Four syllable words bức xúc patterns:

Understanding, indecisive, conversation, realistic, moisturising, American, psychology, independence, entrepreneur, transformation, fascinating, comfortable

Five sầu syllable words ức chế patterns:

Uncontrollable, inspirational, misunderstanding, conversational, opinionated, biological, alphabetical, subordination, refrigerator, haberdashery, hospitality

Six syllable words găng tay patterns:

Responsibility, idiosyncratic, invisibility, capitalisation, discriminatory or discriminatory, antibacterial, superiority, autobiography, materialism, biodiversity, criminalisation, imaginatively,

Seven syllable words bít tất tay patterns:

Industrialisation, multiculturalism, interdisciplinary, radioactivity, unidentifiable, environmentalism, individuality, vegetarianism, unsatisfactorily, electrocardiogram


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Image source


Syllables & Stress Patterns in English Speech

Using clear syllables & ức chế patterns is an important part of speech. The correct word bao tay in English is crucial for understanding a word quickly & accurately.

Even if you cannot hear a word well & are not familiar with the context, you can often still work out what the word is, simply from listening khổng lồ which syllable is stressed.

In the same way, if a learner pronounces a word differently from the accepted norm, it can be hard for a native speaker lớn underst& the word. The word or sentence might be grammatically correct, but if they have sầu used the wrong (or an unexpected) căng thẳng pattern or the wrong stressed syllables, it could make it unintelligible lớn a native.

Learning a language is all about communication & being able to lớn make yourself understood. This is why syllables and áp lực patterns in spoken English are so important.

English Word Stress Rules

Here are some general rules about word găng in English:

Only vowel sounds are stressed (a,e,i,o,u).

For example: table (noun), special (adjective), demand (verb).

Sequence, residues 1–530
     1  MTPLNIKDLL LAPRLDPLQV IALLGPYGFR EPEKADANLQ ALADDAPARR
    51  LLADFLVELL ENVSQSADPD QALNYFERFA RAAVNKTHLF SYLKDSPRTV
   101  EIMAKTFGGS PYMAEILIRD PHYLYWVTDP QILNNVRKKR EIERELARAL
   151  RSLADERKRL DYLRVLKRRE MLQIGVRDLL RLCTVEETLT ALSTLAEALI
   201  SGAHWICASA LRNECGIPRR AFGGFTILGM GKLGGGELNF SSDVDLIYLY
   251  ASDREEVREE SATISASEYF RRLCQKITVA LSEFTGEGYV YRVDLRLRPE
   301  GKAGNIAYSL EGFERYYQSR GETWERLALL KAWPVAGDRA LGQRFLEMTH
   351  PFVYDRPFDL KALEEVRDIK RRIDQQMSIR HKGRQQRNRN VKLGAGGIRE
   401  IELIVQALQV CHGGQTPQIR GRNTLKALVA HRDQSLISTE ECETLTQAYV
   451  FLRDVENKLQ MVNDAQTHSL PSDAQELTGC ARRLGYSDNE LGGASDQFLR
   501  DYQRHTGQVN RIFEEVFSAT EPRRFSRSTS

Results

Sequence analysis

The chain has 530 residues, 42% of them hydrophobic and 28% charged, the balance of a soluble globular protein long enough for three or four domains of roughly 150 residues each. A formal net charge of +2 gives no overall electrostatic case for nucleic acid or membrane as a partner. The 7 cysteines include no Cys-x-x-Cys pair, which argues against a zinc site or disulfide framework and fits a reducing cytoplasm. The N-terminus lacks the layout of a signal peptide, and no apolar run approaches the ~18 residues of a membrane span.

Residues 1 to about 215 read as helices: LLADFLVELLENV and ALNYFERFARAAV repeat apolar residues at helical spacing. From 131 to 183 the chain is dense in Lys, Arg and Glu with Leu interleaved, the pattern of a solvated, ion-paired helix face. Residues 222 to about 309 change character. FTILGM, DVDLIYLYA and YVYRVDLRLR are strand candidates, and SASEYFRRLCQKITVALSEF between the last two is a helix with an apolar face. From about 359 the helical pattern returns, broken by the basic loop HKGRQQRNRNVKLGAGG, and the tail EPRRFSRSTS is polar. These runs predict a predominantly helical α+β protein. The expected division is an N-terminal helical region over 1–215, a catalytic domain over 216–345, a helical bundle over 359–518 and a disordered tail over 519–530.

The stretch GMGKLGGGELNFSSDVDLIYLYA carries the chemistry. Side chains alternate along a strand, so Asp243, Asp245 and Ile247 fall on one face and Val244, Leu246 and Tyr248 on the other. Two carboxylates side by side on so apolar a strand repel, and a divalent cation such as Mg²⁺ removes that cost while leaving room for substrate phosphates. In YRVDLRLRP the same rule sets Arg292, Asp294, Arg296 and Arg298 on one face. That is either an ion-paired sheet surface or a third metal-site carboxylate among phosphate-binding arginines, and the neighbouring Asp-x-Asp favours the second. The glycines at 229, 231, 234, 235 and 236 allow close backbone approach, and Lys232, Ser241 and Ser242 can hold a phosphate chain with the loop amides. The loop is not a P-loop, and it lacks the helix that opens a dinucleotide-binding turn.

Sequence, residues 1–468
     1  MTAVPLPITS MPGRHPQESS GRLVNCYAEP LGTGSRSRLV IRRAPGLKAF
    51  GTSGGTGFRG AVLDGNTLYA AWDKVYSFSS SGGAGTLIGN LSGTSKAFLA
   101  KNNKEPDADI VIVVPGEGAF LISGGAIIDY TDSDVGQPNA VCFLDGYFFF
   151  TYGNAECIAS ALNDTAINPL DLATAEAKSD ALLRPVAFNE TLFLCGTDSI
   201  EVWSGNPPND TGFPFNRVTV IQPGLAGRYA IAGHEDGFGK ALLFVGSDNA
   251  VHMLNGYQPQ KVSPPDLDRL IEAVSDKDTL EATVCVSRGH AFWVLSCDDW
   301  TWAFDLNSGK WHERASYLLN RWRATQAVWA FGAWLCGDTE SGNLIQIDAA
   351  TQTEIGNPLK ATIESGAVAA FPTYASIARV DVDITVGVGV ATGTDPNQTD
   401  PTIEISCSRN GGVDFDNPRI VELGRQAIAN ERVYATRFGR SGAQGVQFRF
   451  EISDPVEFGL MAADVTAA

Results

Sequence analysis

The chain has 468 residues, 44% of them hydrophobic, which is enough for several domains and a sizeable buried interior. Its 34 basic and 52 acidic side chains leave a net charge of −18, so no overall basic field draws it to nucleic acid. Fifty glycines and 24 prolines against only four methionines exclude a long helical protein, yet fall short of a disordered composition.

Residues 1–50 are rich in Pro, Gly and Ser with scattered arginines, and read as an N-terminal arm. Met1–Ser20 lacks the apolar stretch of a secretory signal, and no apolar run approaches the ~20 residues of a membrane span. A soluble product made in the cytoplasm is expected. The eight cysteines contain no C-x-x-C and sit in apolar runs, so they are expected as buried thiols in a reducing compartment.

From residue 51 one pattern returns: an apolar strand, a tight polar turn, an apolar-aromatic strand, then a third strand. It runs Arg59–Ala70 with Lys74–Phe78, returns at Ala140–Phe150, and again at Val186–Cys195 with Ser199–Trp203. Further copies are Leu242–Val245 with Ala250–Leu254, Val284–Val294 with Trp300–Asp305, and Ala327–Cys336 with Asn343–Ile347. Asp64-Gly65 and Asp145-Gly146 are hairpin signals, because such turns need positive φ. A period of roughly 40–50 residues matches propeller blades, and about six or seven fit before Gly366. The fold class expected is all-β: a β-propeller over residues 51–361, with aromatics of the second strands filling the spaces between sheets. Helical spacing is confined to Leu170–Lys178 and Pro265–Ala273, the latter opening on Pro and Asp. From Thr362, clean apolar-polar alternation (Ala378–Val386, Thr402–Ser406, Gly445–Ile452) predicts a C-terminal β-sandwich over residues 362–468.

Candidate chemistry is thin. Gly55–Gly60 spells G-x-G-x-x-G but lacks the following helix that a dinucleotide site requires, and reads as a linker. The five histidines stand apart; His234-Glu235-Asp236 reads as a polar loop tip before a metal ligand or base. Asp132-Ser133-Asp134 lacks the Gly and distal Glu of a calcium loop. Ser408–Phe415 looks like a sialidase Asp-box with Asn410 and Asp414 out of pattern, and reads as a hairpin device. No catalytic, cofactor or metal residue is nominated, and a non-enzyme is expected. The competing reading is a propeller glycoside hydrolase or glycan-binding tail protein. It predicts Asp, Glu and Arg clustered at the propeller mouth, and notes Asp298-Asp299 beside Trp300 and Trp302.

Words ending in ‘ic’, ‘tion’ or ‘sion’ always place their găng on the penultimate (second khổng lồ last) syllable. (e.g. supersonic, Atlantic, dedication, attention, transformation, comprehension).Words ending in ‘cy’, ‘ty’, ‘gy’ và ‘al’ always place their stress on the third from last syllable. (e.g. accountancy, sincerity, chronology, inspirational, hypothetical).Words ending in ‘sm’ with 3 or fewer syllables have their bao tay on the first syllable (e.g. prism, schism, autism, botulism, sarcasm) unless they are extensions of a stem word. This is often the case with words ending ‘ism’.Words ending in ‘ism’ tend to lớn follow the bít tất tay rule for the stem word with the ‘ism’ tagged onto lớn the end (e.g. cannibal = cannibalism, expression = expressionism, feminist = feminism, opportunist = opportunism).Words ending in ‘sm’ with 4 or more syllables tend to lớn have sầu their áp lực on the second syllable (e.g. enthusiasm, metabolism).

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Words ending in ‘ous’

Words ending in ‘ous’ with 2 syllables have sầu their ức chế on the first syllable (e.g. monstrous, pious, anxious, pompous, zealous, conscious, famous, gracious, gorgeous, jealous, joyous).English words ending in ‘ous’ with 4 syllables usually have sầu their bức xúc on the second syllable (e.g. gregarious, anonymous, superfluous, androgynous, carnivorous, tempestuous, luxurious, hilarious, continuous, conspicuous). There are some exceptions using different stressed syllables, such as sacrilegious, which stresses the 3rd syllable.

Words ending in ‘ous’ with 3 or more syllables bởi not always follow a mix căng thẳng pattern. Here are some comtháng English words with 3 syllables ending in ‘ous’ & their áp lực placement:

Words ending in ‘ous’ with bức xúc on first syllable

fabulous, frivolous, glamorous, calculus, dubious, envious, scandalous, serious, tenuous, chivalrous, dangerous, furious

Words ending in ‘ous’ with bức xúc on second syllable

enormous, audacious, facetious, disastrous, ficticious, horrendous, contagious, ambitious, courageous


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Image source


Stress can changing the meaning of a word

Rethành viên, where we place the bức xúc in English can change the meaning of a word. This can lead lớn some funny misunderstandings – and some frustrating conversations!

Words that have sầu the same spelling but a different pronunciation & meaning are called heteronyms. Here are a few examples of words where the stressed syllable changes the meaning of the word:

Object

The word ‘object’ is an example of an English word that can change meaning depending on which syllable is stressed. When the word is pronounced ‘object’ (with a ức chế on the first syllable) the word is a noun meaning an ‘item’, ‘purpose’ or ‘person/thing that is the focus’ of a sentence.